Graham cut him off.
“Well, let me ask you this,” he said in his South Carolina drawl. “If I got a call from somebody saying the Russian government wants to help Lindsey Graham get reelected, they’ve got dirt on Lindsey Graham’s opponent – should I take that meeting?”
“Well, Senator, I would think you’d want to consult with some good legal advisors before you did that,” he said.
“So the answer is, should I call the FBI?” Graham retorted.
“I think it would be wise to let the FBI know,” Wray replied.
Graham seemed frustrated.
“You’re going to be the director of the FBI, pal!” he said, raising his voice. “So here’s what I want you to tell every politician: If you get a call from somebody suggesting that a foreign government wants to help you by disparaging your opponent, tell us all to call the FBI.”
Wray paused again.
“To the members of this committee,” Wray said slowly, “any threat or effort to interfere with our elections from any nation-state or any non-state actor is the kind of thing the FBI would want to know.”
“Alright, Graham said. “So I’ll take it that we should call you. And that’s a great answer.”
That said, on certain issues, Wray was completely unequivocal. When Feinstein asked him at the start of the hearing for his thoughts on torture, he was as clear as day.
“My view is that torture is wrong, it’s unacceptable, it’s illegal and I think it’s ineffective,” he said.
“Good beginning!” she replied.
Wray said he also had no memory of signing off on Justice Department memos making the legal case for enhanced interrogation techniques, and that he was “very proud” of prosecuting a CIA contractor for abusing a detainee who died shortly after being injured. He also said he had “no reason whatsoever” to doubt the intelligence community’s conclusion that Russia interfered in the U.S. election, and that Mueller’s probe wasn’t a witch hunt.
In a later exchange with Republican Sen. Ben Sasse, Wray again demonstrated his artful-dodger skills.
“Will you commit today that any White House direction that you would curtail or end an investigation is something you would report back to this committee in the Senate?” the Nebraskan asked.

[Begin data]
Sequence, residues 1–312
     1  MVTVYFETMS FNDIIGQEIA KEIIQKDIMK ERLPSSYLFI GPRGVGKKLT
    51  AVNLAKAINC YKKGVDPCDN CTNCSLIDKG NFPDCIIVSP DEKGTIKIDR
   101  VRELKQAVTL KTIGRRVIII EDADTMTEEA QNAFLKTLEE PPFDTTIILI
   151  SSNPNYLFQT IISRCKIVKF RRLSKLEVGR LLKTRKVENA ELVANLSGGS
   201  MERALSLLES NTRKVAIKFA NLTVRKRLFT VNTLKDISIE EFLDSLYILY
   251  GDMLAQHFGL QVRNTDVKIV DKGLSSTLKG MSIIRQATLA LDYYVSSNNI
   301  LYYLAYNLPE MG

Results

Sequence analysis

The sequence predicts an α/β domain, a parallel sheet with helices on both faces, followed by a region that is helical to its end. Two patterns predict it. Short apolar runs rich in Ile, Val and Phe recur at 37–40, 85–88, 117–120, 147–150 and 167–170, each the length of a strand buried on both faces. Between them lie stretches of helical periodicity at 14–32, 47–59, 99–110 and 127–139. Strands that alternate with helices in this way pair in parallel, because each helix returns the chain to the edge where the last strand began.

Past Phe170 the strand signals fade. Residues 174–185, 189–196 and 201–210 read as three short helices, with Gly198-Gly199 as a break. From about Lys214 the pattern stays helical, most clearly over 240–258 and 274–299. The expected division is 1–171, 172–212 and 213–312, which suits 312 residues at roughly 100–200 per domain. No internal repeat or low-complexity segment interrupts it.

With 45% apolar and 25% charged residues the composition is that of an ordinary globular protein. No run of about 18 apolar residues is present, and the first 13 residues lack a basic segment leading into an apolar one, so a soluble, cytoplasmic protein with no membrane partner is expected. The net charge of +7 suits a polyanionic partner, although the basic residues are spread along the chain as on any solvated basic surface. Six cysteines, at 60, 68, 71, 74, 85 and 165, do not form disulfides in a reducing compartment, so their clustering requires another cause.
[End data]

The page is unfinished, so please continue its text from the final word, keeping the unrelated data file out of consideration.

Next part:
Wray didn’t commit.
“I would certainly report it wherever is appropriate,” Wray replied. “I would need to make sure that I was compliant with all my legal obligations in doing so but if I can appropriately do it I would want to make sure I can bring it to the appropriate committee’s attention in an appropriate way.”
None of this seemed to concern Democrats on the committee. Before the hearing was even concluded, Feinstein – its most powerful Democrat – told reporters she would back Wray. And Blumenthal, formerly the U.S. Attorney for Connecticut, said he was strongly leaning that way as well. Sen. Amy Klobuchar, a Minnesota Democrat, opened her questioning of the nominee by noting that their daughters are friends.
So, against all odds, the saga that Trump triggered by firing Comey for investigating him ended not with a bang but with, well, a verbal hug from none other than Al Franken.
“This is under very extraordinary circumstances, and I thank you for your willingness to take on this job,” Franken, often a bulldog, told him. “And looking around, I’m feeling that you’ve had a good hearing today, and best of luck to you.”